Our conservation teams around the UK look into literally thousands of proposed developments every year, many of them wind farms, you can read about some of the current ones on our casework pages here.

    If you are looking for site specific data then I would suggest contacting the wind farm operators of those developments, asking if they would be happy to share their monitoring data for the site. As for the species which are most at risk, please read the document that accompanies the sensitivity map I pointed out in my last reply as you should find that this is a very useful resource.

  • Hi Ian,

    Thanks for your follow-up.

    Unfortunately the link to the sensitivity maps is not working at present (or not for me, a self-confessed techno-numpty!).

    I read through the case studies. Only a few of them mention specific numbers: one talks of projections of 8 eagles being killed over 25 years at one site; another estimates 214 geese killed per year by a farm with 50-odd turbines. These figures appear to come from the EIAs which are not linked (that I could find). In any case I do not have hours to spend trying to "drill down" to uncover some numbers.

    I was hoping that these figures would have been collated already in order to have an overall assessment of the impact of these projects. Further, given how long some have now been running, I thought there may have been some studies done to confirm the real mortality figures which would, of course, be key information in reviewing future projects.

    I do not have any specific projects in mind; I was hoping to be able to get some idea of the real impact of these farms given the alarming figures I have seen elsewhere (which may be unfounded).

    Your final para infers that the farm operators may have these figures as part of their monitoring data. However, it also suggests that the RSPB does not see the info - otherwise it would presumably be publicly available. That is disappointing: it seems entirely reasonable to give the RSPB full access to any relevant info to inform future policy.

    So is this in fact the situation....the RSPB does not have actual figures for birdkill at the many windfarms around the country?

  • Very interesting thread.

    In Sussex, the community consultation period for Eon's proposed Rampion Offshore Wind Farm (13km offshore from South Downs National Park) runs until Sunday, May 6. I'd be very interested to read about any investigation the RSPB have done into this particular project.

  • Hi Jake, sorry for the delay in responding, try this link here for the sensitivity maps and here to publications including a downloadable document that lists some useful resources including the only document I am aware of that collates bird strike data from wind farm sites across Europe.

    Unfortunately the monitoring data from wind farm sites is not all stored in a central database hence my suggestion for contacting the operators of individual sites that you have an interest in.

    Jason, please contact your local RSPB conservation team, details can be found via the link here.

  • Thanks Ian.

    I did manage to find that Bern convention report when I first started looking into this. It dates from 2003 but many of the studies it draws upon were done 10 or more years before. Back then turbines were pygmies compared to today's machines, even so the height of the rotor arc was a major issue. There was also a common theme of relatively large numbers of raptors being killed.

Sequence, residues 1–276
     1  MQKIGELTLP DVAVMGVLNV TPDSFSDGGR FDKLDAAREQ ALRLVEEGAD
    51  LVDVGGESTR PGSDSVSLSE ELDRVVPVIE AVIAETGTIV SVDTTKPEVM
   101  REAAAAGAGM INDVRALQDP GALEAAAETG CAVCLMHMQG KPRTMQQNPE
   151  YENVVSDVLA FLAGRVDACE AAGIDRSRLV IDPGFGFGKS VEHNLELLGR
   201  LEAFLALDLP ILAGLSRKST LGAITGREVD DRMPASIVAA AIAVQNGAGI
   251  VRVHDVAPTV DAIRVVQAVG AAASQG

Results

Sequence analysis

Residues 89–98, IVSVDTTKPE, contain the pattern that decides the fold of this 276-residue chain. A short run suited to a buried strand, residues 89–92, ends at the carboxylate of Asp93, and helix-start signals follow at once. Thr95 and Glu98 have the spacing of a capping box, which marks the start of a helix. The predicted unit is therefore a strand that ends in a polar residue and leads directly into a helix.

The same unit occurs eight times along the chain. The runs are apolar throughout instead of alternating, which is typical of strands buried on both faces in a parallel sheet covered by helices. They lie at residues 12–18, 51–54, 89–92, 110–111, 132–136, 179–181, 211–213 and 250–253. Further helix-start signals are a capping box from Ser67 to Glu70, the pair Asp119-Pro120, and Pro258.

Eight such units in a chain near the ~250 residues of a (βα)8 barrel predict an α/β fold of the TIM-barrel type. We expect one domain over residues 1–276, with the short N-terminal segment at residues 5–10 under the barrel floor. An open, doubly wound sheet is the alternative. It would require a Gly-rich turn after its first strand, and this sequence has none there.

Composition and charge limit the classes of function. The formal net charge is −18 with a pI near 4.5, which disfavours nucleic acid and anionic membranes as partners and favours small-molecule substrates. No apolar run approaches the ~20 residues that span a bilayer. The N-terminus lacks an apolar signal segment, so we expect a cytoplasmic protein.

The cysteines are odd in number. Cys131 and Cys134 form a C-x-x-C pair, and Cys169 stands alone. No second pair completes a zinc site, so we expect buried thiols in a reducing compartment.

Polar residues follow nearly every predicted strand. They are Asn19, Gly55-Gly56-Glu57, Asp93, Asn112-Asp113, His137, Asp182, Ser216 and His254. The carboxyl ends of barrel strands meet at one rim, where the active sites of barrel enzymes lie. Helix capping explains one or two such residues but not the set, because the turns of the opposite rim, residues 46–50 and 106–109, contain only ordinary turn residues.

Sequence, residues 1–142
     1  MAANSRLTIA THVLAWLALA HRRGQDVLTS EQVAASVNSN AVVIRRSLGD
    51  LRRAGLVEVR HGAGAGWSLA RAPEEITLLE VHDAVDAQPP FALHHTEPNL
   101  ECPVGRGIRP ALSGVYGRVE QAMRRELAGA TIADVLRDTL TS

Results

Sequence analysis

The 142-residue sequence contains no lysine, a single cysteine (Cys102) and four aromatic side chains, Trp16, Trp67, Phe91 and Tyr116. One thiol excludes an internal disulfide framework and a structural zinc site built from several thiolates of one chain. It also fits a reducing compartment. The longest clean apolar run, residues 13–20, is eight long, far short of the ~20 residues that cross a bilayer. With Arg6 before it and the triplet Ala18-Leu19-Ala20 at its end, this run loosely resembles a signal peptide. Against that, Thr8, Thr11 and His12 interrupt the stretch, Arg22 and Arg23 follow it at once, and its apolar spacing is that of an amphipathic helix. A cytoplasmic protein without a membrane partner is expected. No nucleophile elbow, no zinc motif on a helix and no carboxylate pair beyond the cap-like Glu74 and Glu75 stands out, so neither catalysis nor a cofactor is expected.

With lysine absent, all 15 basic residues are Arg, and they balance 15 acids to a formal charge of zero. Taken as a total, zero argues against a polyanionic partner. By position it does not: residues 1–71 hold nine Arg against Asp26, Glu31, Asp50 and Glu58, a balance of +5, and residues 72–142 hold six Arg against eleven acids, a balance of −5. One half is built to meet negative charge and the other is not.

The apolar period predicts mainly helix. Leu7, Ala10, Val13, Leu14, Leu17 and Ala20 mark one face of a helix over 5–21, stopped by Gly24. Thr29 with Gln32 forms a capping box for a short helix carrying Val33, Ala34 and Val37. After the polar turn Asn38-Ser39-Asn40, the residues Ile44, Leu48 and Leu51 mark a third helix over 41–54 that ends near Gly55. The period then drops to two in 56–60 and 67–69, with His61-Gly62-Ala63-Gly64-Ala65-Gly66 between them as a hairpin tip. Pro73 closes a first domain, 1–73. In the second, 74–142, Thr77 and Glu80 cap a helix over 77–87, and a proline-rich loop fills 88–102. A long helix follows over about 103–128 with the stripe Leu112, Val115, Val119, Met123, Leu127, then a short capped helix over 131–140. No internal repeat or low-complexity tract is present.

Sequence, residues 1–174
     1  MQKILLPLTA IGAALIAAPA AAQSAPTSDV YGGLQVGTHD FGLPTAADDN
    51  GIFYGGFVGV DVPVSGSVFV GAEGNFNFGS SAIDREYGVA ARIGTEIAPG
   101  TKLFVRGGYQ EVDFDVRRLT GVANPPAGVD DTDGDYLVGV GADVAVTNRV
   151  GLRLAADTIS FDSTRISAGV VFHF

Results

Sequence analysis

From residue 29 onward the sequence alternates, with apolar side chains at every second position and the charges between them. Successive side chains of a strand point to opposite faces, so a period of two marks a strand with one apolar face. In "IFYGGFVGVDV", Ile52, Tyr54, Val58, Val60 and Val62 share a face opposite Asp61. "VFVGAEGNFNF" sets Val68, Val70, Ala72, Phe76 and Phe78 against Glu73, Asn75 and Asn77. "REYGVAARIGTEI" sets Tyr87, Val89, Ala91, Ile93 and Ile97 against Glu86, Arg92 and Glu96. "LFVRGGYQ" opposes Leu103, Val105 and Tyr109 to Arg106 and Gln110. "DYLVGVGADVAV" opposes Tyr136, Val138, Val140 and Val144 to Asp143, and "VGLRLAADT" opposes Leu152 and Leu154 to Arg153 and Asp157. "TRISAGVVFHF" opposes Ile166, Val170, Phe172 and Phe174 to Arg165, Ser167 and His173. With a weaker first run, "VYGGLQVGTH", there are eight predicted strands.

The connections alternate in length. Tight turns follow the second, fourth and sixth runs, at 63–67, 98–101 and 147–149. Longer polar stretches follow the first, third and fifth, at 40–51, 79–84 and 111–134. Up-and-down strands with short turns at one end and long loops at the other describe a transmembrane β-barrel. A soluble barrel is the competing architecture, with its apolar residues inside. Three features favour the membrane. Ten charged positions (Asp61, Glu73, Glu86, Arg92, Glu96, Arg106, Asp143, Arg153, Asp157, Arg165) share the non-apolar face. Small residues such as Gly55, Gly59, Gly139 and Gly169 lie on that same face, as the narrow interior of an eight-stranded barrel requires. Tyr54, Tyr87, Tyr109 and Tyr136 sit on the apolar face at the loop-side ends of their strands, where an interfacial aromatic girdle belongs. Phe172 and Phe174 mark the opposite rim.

With the colossal expansion of wind farms and the huge growth in the size of the machines, it is very worrying that there does not appear to be any sort of integrated monitoring. It would appear that we have no idea of toll on birdlife of the current wind park. That begs the question of how, in principle, the RSPB can support these farms?

  • I'm afraid that I'm a total wind turbine sceptic (NB not a climate change sceptic - Anyone who hasn't been able to spot for themselves that the climate is changing is either still in nappies or really needs to get outside more).

    Even if global warming is being driven by cultural CO2 emissions (perhaps it is - I don't know) we could cover the entire British Isles with wind turbines at, say, 50m centres and it won't make the slightest difference to rising sea levels etc. Furthermore a good blocking anticyclone over the UK (which would last a week or more) would return us to dependency on fossil fuels straight away.  So landscapes and seascapes are being industrialised for no real benefit other than to subsidy farmers.

    And there's the rub, aside from the incidental bird chopping and bat bursting (it's the sudden differential air pressure caused by fast moving turbine blades that does for bats) you've turned a natural landscape, possibly valued by many many people, into an industrial one. People no longer come to see a once iconic scenic view; Tourism dwindles; B&Bs feel the pinch. Thousands of visitors trek up to Yat Rock every year and it's mainly for the amazing view over a loop in the River Wye. The Peregrines are a bonus. Plonk even a single turbine on the hillside across the river and the view is massively compromised, and the odd Goshawk career (and indeed wingspan) might well get shortened. Fewer visitors will bother to come and see just another wind turbine.

    The RSPB doesn't really get landscape conservation. It never did.

    The climate is changing and the landscape will change with it. We must adapt as best we can and try to make it easier for wildlife to adapt too, but coating the UK with wind turbines won't save the Snow Buntings, or Dotterels or Ptarmigans.    

  • Just found this quote on the American Bird Conservancy site:

    "Estimates by the federal government say that currently, about 440,000 birds are killed annually by wind farms in the U.S., nearly one bird every minute."

    That brought to mind the studies referenced by the RSPB position paper which made the point that tracking kills is very difficult because the evidence is both hard to find and likely to disappear fast - foxes etc.. So the real killrate may be much higher.